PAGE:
The Booth at the End Season One Review
This shift is most signified by two dramatic web series creations that both premiered in 2011. The Kiefer Sutherland/John Hurt web series The Confession, for instance, is a Plato-style “dialogue” that debates such philosophical questions as the nature of good and evil, free-will versus destiny and the inherent qualities of human beings. The Booth at the End, meanwhile, likewise serves as a dissertation on mankind while exploring the concept of morality, how far one is willing to go to achieve their goals and the psychological consequences of our actions. Taken together, these two endeavors demonstrate the growing dramatic potential of the medium.
The concept and structure of The Booth at the End is relatively simple—a nameless and mysterious man sits in a booth at the back of a diner and assigns certain tasks to individuals in exchange for having their wishes granted. One by one, ordinary people looking for solutions to life’s trials and tribulations approach “The Man” (portrayed by veteran actor Xander Berkeley) are given their assignments and then later report on their progress. In this sense, The Booth at the End is tailor made for the technology of today in that it can be viewed as a series of sixty-two short installments via mobile phones, as five twenty-two minute episodes on Hulu or even the eventual possibility of one full-length motion picture.
While the narrative device of numerous short scenes all taking place in one locale may initially appear monotonous, the feeling quickly switches to curiosity, intrigue and anticipation. Like any good form of entertainment—whether theater, film or television—The Booth at the End realizes that it’s ultimately the story and characters that matter more than flash and style. That is not to say that the production does not have solid technical qualities, because it does. Produced by the Michael Eisner-owned Vuguru, The Booth at the End is a true cinematic achievement within the web series medium. It’s just that while its style may be subtle and setting rather simplistic, the narrative itself is what truly grabs the viewer and draws them into the world that The Booth at the End has created.
How far will a man go to save his dying child? To what extreme will an elderly woman venture to rescue her husband from the grasp of Alzheimer’s? What will a person do to reconcile with his estranged son? These are just a few of the questions that The Booth at the End asks, and “The Man” of the series appears just as curious about the answers as anyone. The tasks he assigns go beyond right and wrong, and include killing an innocent girl, setting off a homemade bomb in a busy coffee shop and stealing in excess of $100,000 from a bank. Although the “will they or won’t they” question hangs in the air throughout the web series, the reactions of the individuals to their assignments and how they handle the moral dilemmas are just as intriguing as the outcomes.
The Booth at the End wisely intertwines many of the individual storylines involving the various characters, giving the web series a more seamless and fluid flow. While “The Man” allocates one person the task of killing a little girl, for instance, the assignment of another is to protect the girl in question. Then there is the issue of “The Man” himself, as he does not make empty promises—once a task is completed, the requested wish is granted in a natural and synchronistic fashion. But is it supernatural, or simply a form of extreme coincidence?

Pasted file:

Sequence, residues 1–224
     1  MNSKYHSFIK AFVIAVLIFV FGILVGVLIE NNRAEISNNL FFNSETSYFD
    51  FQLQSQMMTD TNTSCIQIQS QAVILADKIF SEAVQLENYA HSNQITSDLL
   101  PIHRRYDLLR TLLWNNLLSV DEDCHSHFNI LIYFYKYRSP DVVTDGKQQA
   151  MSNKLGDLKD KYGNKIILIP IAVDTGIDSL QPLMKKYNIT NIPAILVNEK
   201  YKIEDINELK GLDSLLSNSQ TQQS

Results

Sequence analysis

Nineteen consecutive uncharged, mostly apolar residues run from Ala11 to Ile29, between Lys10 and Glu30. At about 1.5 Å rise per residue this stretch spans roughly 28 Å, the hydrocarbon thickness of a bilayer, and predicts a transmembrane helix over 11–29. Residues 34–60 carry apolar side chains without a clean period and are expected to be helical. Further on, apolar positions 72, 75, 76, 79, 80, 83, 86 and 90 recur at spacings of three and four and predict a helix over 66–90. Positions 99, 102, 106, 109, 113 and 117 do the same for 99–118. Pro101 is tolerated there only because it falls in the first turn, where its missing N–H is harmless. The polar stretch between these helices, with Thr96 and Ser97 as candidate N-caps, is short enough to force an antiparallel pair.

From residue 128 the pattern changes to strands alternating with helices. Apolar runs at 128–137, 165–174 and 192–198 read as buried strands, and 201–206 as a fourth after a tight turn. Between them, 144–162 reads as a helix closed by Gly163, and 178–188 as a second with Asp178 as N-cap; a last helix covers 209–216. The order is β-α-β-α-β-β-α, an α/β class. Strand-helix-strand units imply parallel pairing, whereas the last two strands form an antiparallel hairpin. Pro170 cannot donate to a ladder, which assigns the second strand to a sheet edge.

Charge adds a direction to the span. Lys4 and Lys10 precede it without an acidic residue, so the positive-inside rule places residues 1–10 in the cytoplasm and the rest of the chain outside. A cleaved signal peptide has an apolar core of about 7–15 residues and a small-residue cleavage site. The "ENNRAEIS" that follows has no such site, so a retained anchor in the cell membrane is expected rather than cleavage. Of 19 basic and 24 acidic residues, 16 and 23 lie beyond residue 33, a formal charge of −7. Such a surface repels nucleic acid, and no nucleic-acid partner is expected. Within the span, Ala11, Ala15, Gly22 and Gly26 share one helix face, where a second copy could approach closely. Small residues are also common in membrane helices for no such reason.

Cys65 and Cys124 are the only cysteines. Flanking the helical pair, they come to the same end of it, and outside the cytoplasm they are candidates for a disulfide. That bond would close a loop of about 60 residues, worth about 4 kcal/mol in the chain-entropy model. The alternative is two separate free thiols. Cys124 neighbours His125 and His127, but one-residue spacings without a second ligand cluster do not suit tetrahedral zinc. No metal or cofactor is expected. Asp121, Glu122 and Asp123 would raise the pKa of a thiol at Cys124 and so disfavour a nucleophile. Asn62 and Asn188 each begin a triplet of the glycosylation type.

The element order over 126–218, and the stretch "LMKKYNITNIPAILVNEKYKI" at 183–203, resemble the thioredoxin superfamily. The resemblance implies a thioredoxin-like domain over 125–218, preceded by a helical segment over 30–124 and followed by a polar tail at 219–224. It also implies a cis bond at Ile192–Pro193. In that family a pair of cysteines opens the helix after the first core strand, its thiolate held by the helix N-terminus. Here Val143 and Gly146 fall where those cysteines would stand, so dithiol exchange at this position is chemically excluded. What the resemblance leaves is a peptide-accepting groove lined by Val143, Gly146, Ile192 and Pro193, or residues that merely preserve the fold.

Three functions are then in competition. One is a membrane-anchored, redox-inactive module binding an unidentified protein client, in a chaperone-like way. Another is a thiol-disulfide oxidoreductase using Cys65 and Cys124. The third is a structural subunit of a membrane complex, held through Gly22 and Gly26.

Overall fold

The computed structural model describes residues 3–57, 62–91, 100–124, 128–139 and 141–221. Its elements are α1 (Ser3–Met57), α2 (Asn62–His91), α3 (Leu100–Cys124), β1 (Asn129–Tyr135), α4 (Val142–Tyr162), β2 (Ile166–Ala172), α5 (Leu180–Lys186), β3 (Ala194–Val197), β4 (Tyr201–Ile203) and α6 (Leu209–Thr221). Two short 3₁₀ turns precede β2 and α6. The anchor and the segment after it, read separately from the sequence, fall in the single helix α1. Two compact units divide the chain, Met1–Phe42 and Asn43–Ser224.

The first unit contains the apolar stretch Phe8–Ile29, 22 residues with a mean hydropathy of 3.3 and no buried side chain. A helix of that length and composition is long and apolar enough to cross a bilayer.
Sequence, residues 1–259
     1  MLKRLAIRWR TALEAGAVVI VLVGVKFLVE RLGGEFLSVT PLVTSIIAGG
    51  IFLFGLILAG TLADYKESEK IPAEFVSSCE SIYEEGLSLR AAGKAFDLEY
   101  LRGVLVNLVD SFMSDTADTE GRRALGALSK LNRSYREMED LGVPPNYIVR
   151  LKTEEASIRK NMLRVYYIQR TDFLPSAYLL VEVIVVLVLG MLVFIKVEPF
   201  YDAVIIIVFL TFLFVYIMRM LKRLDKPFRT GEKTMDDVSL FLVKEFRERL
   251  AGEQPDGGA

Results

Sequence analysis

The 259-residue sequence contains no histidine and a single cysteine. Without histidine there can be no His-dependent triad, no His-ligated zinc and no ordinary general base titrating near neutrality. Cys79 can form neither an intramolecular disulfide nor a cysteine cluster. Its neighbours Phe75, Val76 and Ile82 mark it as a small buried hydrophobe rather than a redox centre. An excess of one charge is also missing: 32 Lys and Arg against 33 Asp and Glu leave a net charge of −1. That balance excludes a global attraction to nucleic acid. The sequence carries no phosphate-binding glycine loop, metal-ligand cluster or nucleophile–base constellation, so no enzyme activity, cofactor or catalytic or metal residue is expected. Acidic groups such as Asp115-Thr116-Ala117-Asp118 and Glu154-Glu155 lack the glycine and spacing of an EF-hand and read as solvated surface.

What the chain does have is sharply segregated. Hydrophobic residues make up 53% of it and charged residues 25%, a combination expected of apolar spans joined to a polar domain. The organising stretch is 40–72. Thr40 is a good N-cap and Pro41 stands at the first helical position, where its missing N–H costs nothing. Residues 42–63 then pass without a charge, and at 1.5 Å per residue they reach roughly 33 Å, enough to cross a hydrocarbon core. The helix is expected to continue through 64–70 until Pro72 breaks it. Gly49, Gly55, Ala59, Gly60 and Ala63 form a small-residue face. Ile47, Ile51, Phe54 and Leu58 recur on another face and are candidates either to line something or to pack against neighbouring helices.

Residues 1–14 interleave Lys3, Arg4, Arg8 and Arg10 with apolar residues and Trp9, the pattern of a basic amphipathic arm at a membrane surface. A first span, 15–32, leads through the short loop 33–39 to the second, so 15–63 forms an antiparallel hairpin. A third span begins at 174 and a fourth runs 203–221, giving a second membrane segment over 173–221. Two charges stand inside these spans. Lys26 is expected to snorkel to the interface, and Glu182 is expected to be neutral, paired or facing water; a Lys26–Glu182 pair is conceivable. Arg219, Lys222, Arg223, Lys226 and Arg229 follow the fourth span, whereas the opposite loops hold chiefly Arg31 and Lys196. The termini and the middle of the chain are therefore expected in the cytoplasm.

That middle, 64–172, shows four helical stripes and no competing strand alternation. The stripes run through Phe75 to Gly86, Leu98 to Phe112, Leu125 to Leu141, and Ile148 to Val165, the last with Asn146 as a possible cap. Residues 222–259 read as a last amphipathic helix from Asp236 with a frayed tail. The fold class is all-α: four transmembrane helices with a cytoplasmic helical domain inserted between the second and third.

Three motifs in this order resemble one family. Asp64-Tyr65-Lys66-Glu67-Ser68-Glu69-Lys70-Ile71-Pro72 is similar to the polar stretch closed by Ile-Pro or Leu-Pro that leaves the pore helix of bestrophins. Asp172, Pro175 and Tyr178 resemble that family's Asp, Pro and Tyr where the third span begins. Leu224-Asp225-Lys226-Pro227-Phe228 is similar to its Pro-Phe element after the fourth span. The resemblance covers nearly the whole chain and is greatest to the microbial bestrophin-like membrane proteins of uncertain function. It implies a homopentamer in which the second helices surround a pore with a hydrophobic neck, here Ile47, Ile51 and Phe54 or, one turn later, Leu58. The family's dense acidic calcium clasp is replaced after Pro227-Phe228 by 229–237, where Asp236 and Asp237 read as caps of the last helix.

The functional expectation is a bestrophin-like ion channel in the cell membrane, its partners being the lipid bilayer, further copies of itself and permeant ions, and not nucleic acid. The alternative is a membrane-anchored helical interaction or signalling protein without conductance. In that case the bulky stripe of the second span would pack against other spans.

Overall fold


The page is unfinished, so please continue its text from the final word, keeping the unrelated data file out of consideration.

More importantly, who is “The Man”? One client asks, “How can I know you’re not the devil?” and the response is, “You can’t.” When asked if he believes in God, “The Man” replies, “I believe in the details.” Later in the narrative, he hints that he is merely a go-between, a middle-man if you will, who simply assigns the tasks from a leather-bound book he keeps by his side and continuously uses to record the outcomes. And although his neutrality in regards to whether an assignment is actually carried out or not is evident, “The Man” often appears both surprised and relieved when someone refuses to follow through on their assignment, while likewise showing disappointment when they do.
“I try to engage online with people because I think that’s part of the world we live in now,” creator Christopher Kubasik explained to Blogcritics in August 2011. “And so I was watching the arguments and discussions, with all these theories about who ‘The Man’ is and how it works. ‘He’s not magic; he is magic. He’s God; he’s the Devil. He’s a therapist with extreme measures.’ All these great things were being floated, and my manager reminded me that I said years ago when I was working on The Booth, I said ‘the Internet is for arguing, and I want a show that will create arguments.’ So the ambiguity about ‘The Man,’ and the book, and who he is, and how he relates to the other characters. I wanted to leave a lot of room for the audience to play.”
The Booth at the End does indeed provide a lot of room to play, as well as plenty to digest, debate and keep one on the edge of their seat while waiting for the next installment. The set-up may appear simplistic, but its execution is flawless and reflects the old adage that it’s the story that matters. The Booth at the End also demonstrates that the web series medium is no longer a novelty, but a creative force to finally be reckoned with—a task that a few years ago seemed just as difficult to complete as the assignments handed out by “The Man” himself.
Anthony Letizia (September 5, 2011)